January 15, 2011
2:00 pm - 5:00 pm

Presentation: "The Translation Industry Today - (1) An Overview of the Global Factors Affecting the Industry and (2) A Closer Look at the Individual Players and What Makes Them Tick"
Speaker: Usha Jayaraman
Date: Saturday, January 15, 2011
Time: 14:00-17:00
Place: Forum 8, Shibuya (
Address: Dogenzaka 2-10-17, Shibuya, Tokyo
Phone: 03-3780-0008
Cost: JAT members free, Non-members 1,000 yen (advance registration not necessary)
Nijikai: details to be announced

(1) An Overview of the Global Factors Affecting the Industry
Like most of the global economy today, the translation industry is in a state of flux and trying to find a new equilibrium. As industry members, we can do ourselves a favor by gaining a good understanding of the changes affecting us. In the first part of my talk, I will discuss some of the factors driving rates in the translation industry (globalization, new technology, the financial crisis) while putting them into perspective in terms of their significance and considering how we might respond to each. (Note: I propose to talk at some length about the realities of the Japanese translation scene in India.)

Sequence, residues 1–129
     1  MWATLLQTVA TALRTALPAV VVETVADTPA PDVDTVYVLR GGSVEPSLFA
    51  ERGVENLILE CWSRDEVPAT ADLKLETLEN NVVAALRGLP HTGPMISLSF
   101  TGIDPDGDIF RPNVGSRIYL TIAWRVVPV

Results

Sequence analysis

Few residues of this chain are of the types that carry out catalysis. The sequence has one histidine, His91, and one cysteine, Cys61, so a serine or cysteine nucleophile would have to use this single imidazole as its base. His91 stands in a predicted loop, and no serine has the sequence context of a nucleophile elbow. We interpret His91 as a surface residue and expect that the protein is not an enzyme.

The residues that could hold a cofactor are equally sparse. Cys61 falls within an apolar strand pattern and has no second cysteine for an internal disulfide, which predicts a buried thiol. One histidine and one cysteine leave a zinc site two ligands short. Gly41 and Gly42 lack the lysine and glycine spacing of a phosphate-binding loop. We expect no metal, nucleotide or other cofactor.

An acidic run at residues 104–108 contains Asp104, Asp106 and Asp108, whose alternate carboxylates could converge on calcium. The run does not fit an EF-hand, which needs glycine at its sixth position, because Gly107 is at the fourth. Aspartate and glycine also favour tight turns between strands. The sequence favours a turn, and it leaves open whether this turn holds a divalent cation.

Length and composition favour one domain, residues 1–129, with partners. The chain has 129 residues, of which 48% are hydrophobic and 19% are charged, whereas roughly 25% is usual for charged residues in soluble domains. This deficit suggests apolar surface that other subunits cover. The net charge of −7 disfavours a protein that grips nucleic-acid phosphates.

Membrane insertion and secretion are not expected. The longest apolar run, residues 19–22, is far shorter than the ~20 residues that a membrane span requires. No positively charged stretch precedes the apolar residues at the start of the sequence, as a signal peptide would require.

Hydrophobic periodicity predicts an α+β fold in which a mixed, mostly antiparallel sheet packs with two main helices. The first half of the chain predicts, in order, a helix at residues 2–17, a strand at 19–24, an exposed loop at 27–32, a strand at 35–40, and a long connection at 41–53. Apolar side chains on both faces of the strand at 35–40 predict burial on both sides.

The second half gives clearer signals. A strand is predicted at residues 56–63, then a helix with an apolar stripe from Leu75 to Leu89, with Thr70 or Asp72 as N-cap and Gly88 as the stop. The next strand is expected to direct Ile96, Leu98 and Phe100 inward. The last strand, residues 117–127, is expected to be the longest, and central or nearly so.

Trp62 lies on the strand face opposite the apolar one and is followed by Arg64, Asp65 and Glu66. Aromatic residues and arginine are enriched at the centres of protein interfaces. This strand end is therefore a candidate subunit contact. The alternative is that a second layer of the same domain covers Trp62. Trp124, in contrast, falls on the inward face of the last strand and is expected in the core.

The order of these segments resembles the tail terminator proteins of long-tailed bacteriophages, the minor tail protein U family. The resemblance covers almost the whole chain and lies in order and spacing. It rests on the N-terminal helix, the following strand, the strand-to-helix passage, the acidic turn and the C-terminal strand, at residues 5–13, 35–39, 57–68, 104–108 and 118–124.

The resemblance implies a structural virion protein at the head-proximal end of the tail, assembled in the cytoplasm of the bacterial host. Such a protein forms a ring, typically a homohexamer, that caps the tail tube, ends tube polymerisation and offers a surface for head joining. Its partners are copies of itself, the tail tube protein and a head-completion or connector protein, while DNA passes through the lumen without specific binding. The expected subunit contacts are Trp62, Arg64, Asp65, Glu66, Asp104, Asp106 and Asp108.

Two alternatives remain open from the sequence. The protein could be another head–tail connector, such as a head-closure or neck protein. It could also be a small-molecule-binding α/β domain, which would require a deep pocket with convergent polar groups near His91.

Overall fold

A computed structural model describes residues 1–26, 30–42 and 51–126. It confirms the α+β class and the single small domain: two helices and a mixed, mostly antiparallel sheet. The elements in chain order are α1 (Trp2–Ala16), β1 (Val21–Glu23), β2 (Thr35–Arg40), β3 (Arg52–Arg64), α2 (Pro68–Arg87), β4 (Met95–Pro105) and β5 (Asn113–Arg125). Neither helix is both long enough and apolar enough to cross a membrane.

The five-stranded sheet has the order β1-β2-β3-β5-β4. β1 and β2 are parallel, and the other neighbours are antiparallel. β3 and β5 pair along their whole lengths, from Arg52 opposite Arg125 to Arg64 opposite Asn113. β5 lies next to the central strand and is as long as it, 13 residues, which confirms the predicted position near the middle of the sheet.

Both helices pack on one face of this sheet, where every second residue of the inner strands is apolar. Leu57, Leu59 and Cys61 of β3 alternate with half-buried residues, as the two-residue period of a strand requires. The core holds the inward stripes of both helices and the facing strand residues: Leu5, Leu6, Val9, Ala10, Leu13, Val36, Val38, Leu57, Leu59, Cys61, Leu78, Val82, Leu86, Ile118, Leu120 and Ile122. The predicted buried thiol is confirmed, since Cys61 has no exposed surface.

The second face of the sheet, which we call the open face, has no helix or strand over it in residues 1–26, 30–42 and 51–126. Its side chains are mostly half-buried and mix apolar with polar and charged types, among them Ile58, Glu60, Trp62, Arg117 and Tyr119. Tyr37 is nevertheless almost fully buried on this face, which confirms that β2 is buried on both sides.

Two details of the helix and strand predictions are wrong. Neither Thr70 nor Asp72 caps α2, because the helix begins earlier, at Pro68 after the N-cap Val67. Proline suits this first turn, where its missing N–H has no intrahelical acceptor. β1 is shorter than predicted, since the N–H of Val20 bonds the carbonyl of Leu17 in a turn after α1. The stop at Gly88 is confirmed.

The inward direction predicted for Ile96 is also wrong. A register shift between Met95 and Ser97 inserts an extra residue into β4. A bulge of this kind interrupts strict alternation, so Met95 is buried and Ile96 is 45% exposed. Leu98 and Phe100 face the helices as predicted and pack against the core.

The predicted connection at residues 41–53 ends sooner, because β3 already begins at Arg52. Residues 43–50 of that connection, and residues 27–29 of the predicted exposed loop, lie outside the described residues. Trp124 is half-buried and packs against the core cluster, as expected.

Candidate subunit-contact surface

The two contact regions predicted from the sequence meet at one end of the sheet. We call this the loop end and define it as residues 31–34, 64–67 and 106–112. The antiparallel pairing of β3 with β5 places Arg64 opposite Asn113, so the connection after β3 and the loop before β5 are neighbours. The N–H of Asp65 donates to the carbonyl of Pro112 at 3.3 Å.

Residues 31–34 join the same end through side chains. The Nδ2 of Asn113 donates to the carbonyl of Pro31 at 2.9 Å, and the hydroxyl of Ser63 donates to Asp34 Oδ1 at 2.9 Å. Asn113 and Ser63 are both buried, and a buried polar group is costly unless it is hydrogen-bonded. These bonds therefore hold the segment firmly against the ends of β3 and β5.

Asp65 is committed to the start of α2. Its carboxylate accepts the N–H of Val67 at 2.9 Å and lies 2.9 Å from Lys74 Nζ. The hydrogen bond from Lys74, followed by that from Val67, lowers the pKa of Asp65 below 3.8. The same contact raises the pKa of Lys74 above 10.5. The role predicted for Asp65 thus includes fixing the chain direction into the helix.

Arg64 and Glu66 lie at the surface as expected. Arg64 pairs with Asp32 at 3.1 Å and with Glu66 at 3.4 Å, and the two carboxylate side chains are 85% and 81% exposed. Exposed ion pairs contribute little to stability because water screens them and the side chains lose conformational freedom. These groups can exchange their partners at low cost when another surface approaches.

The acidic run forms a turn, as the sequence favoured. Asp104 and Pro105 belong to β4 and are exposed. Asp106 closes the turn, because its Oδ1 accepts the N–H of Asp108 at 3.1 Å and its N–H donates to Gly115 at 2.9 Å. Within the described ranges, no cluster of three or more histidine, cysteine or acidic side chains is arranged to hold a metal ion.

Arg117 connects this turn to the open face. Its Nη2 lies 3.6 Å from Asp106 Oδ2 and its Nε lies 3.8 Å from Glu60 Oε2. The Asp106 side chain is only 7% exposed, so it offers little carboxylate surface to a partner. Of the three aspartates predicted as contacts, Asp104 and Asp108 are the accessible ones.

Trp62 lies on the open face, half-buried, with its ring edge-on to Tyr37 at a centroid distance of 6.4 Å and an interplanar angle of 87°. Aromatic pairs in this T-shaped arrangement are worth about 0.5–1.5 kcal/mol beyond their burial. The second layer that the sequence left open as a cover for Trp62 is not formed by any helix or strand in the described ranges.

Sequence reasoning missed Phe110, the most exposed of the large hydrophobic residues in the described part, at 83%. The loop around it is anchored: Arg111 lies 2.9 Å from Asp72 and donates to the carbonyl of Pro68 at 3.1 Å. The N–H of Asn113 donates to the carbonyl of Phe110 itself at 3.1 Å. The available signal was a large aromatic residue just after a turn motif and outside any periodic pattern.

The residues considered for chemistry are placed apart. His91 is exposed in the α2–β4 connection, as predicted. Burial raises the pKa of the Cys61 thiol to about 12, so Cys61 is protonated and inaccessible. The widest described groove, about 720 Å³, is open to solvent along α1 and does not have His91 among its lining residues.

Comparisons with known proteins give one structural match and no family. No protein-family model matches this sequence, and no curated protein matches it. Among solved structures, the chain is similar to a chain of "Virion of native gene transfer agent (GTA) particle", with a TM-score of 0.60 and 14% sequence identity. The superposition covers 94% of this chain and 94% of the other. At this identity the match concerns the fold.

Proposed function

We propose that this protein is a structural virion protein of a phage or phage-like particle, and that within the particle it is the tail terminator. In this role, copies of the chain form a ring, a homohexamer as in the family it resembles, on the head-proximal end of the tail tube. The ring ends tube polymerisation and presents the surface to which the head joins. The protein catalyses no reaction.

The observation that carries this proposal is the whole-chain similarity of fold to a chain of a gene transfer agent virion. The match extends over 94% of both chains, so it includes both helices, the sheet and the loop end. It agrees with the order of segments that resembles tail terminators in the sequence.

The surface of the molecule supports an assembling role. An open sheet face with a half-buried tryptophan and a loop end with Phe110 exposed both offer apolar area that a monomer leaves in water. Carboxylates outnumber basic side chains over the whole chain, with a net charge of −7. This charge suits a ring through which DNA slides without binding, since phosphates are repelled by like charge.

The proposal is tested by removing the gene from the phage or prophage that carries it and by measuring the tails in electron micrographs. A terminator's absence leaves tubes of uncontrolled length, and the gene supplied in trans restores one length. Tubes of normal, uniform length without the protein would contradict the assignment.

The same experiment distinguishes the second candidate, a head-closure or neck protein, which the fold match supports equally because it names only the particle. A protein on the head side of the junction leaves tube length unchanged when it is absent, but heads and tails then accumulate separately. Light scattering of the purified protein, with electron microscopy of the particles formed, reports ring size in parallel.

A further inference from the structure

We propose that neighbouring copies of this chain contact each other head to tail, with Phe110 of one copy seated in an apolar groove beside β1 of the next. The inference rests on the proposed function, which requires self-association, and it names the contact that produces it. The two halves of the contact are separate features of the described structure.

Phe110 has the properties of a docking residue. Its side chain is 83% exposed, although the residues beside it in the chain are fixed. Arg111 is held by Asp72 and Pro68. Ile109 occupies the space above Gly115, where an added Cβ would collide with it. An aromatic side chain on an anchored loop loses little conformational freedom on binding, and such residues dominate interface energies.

(2) A Closer Look at the Individual Players and What Makes Them Tick
It is clear that that, in a competitive world, market players do not always have each others' best interests at heart. We have all experienced instances of end users trying to get the best of agencies, agencies trying to get the better of translators, translators looking out only for themselves... Be that as it may, there also appear to be instances of the various players working at cross-purposes inadvertently, out of ignorance regarding each others' work processes. The latter inadvertent instances are what I would like to address in the second part of my talk, during which I will discuss the individual players in the translation industry and how they work, what motivates them, and what they expect from the other players.

Speaker Profile
Usha Jayaraman is a Tokyo-based JE translator. After getting a BA in Japanese, Usha obtained an MA in Japanese Interpreting and Translation from the University of Queensland in 2000. Usha then joined a Tokyo-based company as an in-house translator, but soon decided to go freelance. After a shaky start, during which she unwittingly got roped into doing a PhD in the translation of humor, Usha managed to establish herself comfortably as a freelance translator. Freelancing gives Usha the time to take on all kinds of challenging projects both related and unrelated to work. An ardent science student in school, Usha has recently returned to indulging her fascination with the subject. She enjoys studying about and finding connections between ancient history, anthropology, and molecular biology.